Maintaining social contact is important for all of us, and spending time with people you love can help to release endorphins, or ‘happy hormones’, as previously mentioned. Having quality social time can also take away other feelings such as loneliness and depression. If you feel you cannot reach out to friends and family, there are plenty of support groups you can try, both in person and online which may help you. You could also try joining a new club, such as sports or crafts, and make some new connections there.
Your diet affects every aspect of your health, and this includes your mental health. If you are feeling stressed, drinking plenty of fluids and eating a balanced diet will likely make a positive impact. Healthy foods contain nutrients, vitamins and minerals that are essential when it comes to regulating your mood. Eating foods rich in fats and sugars will likely lead to a deficiency in these vital nutrients. Your body will then react differently, causing you to experience stress in a more negative way. Try to incorporate more colour into your diet, with fresh fruits and vegetables. Avoiding caffeine can also help to reduce stress as it can sometimes overstimulate your central nervous system.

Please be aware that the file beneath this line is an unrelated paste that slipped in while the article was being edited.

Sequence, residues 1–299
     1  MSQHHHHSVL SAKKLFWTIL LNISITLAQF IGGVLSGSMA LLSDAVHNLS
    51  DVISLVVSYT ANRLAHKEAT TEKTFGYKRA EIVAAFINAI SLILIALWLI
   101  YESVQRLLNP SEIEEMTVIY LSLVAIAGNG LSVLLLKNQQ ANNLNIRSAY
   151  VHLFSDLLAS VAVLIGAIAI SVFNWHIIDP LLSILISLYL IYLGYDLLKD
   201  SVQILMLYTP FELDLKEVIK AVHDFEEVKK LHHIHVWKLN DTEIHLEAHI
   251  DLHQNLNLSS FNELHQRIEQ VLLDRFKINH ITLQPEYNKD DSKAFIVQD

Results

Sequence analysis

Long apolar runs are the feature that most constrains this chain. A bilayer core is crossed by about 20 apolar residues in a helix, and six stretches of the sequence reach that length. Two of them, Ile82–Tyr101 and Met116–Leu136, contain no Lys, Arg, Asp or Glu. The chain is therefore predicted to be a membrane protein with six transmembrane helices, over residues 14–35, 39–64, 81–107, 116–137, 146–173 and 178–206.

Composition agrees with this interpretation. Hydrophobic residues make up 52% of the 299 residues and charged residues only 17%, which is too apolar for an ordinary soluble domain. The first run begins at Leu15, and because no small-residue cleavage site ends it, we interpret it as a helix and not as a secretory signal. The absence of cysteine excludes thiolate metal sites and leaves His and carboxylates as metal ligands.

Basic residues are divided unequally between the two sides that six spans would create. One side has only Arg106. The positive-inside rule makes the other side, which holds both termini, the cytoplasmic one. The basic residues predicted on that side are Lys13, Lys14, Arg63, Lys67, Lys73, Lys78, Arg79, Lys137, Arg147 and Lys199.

Many people who experience stress believe it is just a part of everyday life, and that support isn’t necessary. However, just because stress is experienced by all of us, this doesn’t mean it is not seriously impacting your life. Contact mental health experts if you need help managing your stress. They may recommend taking medication or engaging in therapy to help you manage better.
We are all familiar with stress, but how do you know whether what you’re dealing with is common or a health concern? If you are noticing stress having an impact on your work, personal life or relationships, we recommend speaking to a professional to help diagnose you and identify the root causes of your stress. As Stress Awareness Week aims to show, help is always available to those struggling with stress.